ever again into uneven surface of woodland, dingle, or old quarry, or
getting the forest trees on them again; and pause before you barter
them for a few cultivated gardens, rented at high rates to a small
group of men--valuable as field-gardens in themselves maybe.

Note, too, by-the-way, what is done in giving them. For allotments,
working-men will pay four or five times the agricultural value and
have done so, under the old Inclosure Acts. That proves them to be
appreciated. Under the recent Act the amount of payment is limited. But
is it not strange to take away free enjoyment from many, and to offer
in exchange, at any money payment, a privilege to the few?

We have mentioned the schemes of inclosure now coming before the
Legislature, but besides these there is another extensive process of
inclosure going on for which the Legislature is not responsible. It is
that which is silently pursued by lords of manors, without any distinct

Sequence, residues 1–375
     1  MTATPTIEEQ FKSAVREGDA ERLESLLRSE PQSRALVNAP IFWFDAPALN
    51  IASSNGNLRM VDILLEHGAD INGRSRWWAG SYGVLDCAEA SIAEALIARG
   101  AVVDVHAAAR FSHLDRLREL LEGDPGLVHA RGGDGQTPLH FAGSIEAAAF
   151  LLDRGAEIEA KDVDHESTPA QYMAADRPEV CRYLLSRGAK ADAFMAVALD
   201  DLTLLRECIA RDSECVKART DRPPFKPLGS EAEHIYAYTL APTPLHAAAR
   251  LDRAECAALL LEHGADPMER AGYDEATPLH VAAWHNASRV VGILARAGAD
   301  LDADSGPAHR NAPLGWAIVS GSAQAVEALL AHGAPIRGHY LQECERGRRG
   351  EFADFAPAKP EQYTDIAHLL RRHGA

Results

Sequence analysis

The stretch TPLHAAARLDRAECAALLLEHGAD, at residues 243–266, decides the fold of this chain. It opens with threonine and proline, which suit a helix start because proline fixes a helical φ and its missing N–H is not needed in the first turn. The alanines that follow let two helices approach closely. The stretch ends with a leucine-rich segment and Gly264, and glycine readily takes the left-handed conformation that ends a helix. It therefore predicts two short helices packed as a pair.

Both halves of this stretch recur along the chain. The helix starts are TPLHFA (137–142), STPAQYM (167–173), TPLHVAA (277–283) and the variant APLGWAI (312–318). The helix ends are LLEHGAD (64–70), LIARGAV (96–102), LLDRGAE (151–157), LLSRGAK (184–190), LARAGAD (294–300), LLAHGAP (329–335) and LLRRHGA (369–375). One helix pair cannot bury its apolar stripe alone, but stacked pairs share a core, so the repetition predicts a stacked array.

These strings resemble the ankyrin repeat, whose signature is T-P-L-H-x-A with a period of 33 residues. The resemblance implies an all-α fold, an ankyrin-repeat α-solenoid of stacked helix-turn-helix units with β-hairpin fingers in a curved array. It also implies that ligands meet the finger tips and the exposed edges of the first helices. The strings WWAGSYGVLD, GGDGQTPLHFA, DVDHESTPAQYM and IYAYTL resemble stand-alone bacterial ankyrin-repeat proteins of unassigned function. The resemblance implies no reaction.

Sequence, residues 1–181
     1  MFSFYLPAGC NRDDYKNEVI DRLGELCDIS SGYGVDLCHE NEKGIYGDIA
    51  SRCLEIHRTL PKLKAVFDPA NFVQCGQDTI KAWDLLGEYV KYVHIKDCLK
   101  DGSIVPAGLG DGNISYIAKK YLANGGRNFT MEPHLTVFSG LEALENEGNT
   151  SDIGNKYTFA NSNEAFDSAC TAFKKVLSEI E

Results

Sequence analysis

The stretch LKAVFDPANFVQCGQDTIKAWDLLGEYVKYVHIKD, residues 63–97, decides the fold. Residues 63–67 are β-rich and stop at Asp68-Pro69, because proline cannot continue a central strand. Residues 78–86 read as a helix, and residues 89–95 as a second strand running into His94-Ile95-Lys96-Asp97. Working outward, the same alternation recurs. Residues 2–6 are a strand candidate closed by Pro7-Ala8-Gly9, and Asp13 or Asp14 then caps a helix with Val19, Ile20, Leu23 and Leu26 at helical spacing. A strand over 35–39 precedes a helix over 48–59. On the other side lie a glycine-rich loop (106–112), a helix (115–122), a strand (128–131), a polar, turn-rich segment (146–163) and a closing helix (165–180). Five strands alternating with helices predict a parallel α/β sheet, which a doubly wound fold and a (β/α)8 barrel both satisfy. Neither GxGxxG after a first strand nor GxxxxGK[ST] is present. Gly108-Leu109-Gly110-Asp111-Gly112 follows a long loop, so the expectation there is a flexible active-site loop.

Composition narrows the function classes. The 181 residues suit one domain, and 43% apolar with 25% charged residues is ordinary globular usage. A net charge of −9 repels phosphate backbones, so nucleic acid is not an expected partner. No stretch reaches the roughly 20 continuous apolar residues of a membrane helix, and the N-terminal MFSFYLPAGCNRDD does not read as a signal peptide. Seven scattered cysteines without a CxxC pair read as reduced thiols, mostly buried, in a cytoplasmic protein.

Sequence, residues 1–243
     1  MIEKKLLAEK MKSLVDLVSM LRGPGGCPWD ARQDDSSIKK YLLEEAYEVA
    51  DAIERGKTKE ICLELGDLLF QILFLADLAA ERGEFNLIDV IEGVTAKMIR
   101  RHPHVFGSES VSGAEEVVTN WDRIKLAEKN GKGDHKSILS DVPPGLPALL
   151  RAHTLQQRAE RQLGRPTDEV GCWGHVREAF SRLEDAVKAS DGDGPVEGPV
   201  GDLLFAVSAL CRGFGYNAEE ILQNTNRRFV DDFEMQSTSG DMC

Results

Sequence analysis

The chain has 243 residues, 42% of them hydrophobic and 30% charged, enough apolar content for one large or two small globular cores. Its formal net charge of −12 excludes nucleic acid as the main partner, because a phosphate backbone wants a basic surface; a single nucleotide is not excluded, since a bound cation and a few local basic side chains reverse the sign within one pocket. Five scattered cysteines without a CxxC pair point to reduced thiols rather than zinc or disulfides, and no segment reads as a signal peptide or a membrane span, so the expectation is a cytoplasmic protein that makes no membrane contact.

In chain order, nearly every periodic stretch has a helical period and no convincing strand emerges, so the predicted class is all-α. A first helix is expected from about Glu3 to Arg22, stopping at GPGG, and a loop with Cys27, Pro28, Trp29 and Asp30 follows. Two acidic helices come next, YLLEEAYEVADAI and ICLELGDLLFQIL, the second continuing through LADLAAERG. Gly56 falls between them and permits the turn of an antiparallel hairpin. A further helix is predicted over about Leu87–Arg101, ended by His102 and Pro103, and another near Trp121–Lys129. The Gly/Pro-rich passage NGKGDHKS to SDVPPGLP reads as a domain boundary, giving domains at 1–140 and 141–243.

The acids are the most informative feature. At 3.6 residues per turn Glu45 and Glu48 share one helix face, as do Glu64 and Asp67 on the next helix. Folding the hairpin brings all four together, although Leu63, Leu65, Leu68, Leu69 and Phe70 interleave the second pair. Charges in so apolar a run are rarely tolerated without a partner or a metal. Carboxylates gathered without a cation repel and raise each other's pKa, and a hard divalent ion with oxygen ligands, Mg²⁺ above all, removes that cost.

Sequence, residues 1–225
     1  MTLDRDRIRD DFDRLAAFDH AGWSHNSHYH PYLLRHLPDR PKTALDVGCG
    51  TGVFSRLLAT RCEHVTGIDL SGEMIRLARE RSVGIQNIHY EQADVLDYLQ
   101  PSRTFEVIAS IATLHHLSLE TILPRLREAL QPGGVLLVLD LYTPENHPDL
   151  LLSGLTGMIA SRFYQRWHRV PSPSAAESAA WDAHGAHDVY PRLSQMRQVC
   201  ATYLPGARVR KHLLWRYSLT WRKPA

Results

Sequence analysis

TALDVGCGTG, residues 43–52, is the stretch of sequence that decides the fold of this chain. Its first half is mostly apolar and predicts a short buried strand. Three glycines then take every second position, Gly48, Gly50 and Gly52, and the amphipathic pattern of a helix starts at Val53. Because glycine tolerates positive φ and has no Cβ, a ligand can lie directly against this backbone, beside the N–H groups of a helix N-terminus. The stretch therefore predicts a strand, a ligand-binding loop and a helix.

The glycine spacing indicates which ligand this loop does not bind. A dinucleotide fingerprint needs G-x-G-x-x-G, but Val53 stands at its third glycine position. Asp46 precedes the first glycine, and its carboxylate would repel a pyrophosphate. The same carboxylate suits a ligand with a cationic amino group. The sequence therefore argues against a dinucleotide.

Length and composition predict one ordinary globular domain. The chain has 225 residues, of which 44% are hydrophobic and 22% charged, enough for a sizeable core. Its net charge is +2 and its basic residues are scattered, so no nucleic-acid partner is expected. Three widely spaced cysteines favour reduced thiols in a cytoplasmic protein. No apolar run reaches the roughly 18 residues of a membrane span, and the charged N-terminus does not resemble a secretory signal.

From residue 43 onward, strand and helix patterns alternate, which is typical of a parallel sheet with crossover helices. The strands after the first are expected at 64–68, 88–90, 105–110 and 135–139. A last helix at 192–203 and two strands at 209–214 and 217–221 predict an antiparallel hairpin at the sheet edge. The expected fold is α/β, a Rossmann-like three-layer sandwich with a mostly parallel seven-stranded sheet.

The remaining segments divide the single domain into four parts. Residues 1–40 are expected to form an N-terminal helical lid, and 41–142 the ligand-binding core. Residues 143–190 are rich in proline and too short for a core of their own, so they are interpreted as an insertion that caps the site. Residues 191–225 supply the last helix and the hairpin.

legal settlement of rights. They _may_ be taking only their due; they
may be taking more. In some cases they are offering to the commoners,
or to the poor, where lands are left for their benefit, gifts of money
or land or coals, in lieu of their old rights of cutting fuel or
turning out a cow. Perhaps the coals are quite equivalent to the value
of the fuel to the individual cottager; but they depend often on the
will of squire or lord, are administered by churchwardens to the needy,
and become a form of dole instead of a birthright. Again, all land in
England is increasing in value. Why should the ignorant agricultural